Crítica serie: We Are Who We Are
por Kaleem Aftab
- La serie de ocho episodios de Luca Guadagnino para HBO y Sky Italia, proyectada en San Sebastián, es una delicatessen, aunque alguno de sus ingredientes decepcione
Este artículo está disponible en inglés.
The chair of the San Sebastián competition jury, Luca Guadagnino, unveiled We Are Who We Are in its entirety for the first time, out of competition, at the San Sebastián Film Festival. It was presented as an almost eight-hour-long screening, and critics in the Basque city were blessed with a short interlude at around the 200-minute mark, coinciding with the end of the fourth episode. An HBO and Sky Italia production, We Are Who We Are is being broadcast as an eight-episode series around the world, and only the first four episodes were sent out to critics to review before it began airing weekly on television at the start of September.
The director has argued that he prefers to think of the work as a long movie, so a full day at the cinema seems to be the purest way of seeing it as the director intended, especially as Guadagnino has eschewed the usual techniques of plot melodrama and fast cuts used for television in favour of long scenes. Nonetheless, while admirable in its refusal to follow convention, and making use of the brilliant photography of three cinematographers, Fredrik Wenzel, Yorick Le Saux and Massimiliano Kuveiller, it’s hard not to feel that the end result doesn’t justify the length. What emerges is surprising television but languid cinema.
Guadagnino is still riding the wave of success that came with his international smash Call Me by Your Name [+lee también:
Q&A: Luca Guadagnino
ficha del filme]. On the surface, it is the fans of that 2017 movie adaptation of André Aciman’s novel that We Are Who We Are seems likely to most appeal to, as it’s about young American kids coming of age and experimenting with their sexuality (and gender identities) in Italy. And yet, in its shooting style and aesthetic execution, it’s probably with his recent remake of Suspiria [+lee también:
ficha del filme], with its locked-in school environment and homage to Rainer Werner Fassbinder, that this series has most in common. Having said that, it would be too much of a compliment to We Are Who We Are to call it Guadagnino’s Berlin Alexanderplatz.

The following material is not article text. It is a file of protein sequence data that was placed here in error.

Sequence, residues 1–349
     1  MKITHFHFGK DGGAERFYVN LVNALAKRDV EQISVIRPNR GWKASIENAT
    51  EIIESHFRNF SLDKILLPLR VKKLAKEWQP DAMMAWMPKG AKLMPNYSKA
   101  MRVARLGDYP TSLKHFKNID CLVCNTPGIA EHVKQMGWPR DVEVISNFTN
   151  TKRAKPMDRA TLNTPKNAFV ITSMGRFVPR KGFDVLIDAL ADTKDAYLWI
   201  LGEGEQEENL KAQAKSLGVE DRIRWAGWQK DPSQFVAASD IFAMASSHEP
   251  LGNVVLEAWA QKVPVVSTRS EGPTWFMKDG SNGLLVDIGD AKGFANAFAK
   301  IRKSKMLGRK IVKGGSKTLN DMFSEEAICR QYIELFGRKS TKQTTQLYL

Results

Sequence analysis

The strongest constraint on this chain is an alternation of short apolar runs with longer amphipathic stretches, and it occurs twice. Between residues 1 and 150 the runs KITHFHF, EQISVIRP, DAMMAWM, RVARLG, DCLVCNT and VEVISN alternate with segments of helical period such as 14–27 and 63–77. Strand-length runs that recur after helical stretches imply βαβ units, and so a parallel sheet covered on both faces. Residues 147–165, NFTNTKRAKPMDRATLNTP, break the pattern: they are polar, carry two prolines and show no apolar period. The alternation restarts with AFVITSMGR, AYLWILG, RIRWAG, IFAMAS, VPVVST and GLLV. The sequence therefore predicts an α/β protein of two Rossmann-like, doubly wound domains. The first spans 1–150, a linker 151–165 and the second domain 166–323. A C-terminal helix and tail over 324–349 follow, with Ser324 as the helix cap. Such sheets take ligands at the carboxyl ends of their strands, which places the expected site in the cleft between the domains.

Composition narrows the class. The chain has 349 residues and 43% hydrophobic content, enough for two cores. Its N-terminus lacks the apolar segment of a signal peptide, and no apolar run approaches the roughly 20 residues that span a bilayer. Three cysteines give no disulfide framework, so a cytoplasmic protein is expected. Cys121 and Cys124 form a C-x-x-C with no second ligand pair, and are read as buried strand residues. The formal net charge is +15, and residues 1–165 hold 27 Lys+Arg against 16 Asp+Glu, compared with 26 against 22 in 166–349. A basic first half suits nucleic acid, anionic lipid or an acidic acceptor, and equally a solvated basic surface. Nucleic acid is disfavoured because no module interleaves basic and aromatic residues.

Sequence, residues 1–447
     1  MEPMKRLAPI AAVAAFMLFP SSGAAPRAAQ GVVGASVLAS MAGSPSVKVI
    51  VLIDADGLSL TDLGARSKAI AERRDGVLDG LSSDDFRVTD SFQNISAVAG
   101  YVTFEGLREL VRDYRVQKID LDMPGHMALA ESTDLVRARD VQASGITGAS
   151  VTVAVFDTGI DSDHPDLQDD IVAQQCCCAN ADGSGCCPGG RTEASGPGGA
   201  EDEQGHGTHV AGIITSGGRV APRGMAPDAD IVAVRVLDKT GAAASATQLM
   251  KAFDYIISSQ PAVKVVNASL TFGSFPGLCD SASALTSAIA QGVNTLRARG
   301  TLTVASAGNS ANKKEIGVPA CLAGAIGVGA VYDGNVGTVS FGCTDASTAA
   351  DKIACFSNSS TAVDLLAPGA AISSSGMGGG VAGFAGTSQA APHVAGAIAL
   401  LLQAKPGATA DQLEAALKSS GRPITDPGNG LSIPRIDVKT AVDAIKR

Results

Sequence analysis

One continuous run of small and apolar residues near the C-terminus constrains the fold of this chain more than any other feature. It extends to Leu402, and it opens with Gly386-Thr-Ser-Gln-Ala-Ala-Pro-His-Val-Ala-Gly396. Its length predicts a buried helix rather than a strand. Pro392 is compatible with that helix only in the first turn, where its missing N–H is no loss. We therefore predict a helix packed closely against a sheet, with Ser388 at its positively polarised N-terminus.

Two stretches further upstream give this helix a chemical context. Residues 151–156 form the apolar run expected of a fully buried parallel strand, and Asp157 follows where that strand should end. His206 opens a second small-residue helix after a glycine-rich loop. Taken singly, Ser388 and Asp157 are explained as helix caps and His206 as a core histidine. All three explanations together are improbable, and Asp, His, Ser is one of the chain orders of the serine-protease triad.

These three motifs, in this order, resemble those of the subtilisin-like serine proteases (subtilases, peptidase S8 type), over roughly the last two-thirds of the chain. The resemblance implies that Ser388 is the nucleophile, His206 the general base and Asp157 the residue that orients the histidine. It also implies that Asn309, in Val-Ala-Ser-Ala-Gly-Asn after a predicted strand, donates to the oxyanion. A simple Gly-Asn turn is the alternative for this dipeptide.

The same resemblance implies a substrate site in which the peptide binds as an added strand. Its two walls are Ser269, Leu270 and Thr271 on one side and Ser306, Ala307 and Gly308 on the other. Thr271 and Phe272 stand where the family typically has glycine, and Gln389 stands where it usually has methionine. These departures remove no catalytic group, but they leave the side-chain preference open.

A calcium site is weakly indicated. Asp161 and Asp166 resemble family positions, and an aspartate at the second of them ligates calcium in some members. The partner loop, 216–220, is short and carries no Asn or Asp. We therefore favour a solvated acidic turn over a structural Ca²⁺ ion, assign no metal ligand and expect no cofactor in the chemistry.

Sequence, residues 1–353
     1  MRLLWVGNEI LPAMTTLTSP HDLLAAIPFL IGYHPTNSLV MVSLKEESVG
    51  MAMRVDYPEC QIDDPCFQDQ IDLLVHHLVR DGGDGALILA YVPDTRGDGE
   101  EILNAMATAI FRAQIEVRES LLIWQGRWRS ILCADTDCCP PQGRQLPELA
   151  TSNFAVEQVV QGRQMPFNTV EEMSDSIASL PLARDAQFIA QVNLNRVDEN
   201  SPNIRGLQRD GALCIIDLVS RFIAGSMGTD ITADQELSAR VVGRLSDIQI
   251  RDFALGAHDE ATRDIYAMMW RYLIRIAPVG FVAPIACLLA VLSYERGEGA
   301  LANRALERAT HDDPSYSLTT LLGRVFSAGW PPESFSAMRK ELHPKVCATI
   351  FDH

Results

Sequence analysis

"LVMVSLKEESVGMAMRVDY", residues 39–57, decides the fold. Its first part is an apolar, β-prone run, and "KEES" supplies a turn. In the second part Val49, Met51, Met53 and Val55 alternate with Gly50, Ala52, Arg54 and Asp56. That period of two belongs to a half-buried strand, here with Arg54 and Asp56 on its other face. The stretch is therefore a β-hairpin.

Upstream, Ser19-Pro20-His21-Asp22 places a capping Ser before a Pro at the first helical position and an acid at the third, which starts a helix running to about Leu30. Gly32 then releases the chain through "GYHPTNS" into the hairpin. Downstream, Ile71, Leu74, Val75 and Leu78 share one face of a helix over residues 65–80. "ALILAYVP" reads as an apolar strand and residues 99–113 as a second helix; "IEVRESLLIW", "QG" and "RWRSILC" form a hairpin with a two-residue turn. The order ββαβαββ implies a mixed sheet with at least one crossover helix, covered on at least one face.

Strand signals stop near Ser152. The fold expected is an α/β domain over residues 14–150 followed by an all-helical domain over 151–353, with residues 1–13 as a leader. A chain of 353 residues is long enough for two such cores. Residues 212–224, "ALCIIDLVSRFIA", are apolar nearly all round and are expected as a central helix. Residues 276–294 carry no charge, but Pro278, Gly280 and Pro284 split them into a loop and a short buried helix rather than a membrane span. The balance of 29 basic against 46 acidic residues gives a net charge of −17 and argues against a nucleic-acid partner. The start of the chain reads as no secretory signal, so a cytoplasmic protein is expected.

It’s only in the home stretch that We Are Who We Are reveals its major theme about America being a Paradise Lost and starts to concentrate on its two beguiling central characters, teenagers Fraser (Jack Dylan Grazer) and Caitlin (Jordan Kristine Seamón). Their sexual awakenings, especially Caitlin’s eschewing of feminine social norms, is not only fascinating, but it’s also told without falling prey to sensationalism. There are also some outstanding moments in the series that revolve around their growing friendship, including a wedding party, a Blood Orange concert and the emotional fallout after a friend dies, but Guadagnino is less interested in the other characters, which explains why most become forgotten in the final, musical part of We Are Who We Are.
It’s a shame because, initially, many of them are intriguing. A new commander, Sarah (Chloë Sevigny), arrives with her wife Maggie (Alice Braga) to take control of an American base in Italy in 2016, as Donald Trump is campaigning for the White House. Caitlin’s father, Richard (Kid Cudi), orders a MAGA cap. Fraser, who is so awkward and physically fights his mother, is on a spectrum, but which is unexplained. Indeed, clarity is not what Guadagnino is even striving for, and that would be fine if the characters (away from the central pairing) were not so under-written. It’s hard to have empathy for any of them, and that makes We Are Who We Are frustrating, especially as there are several moments when Guadagnino makes American bases great again.
(Traducción del inglés)
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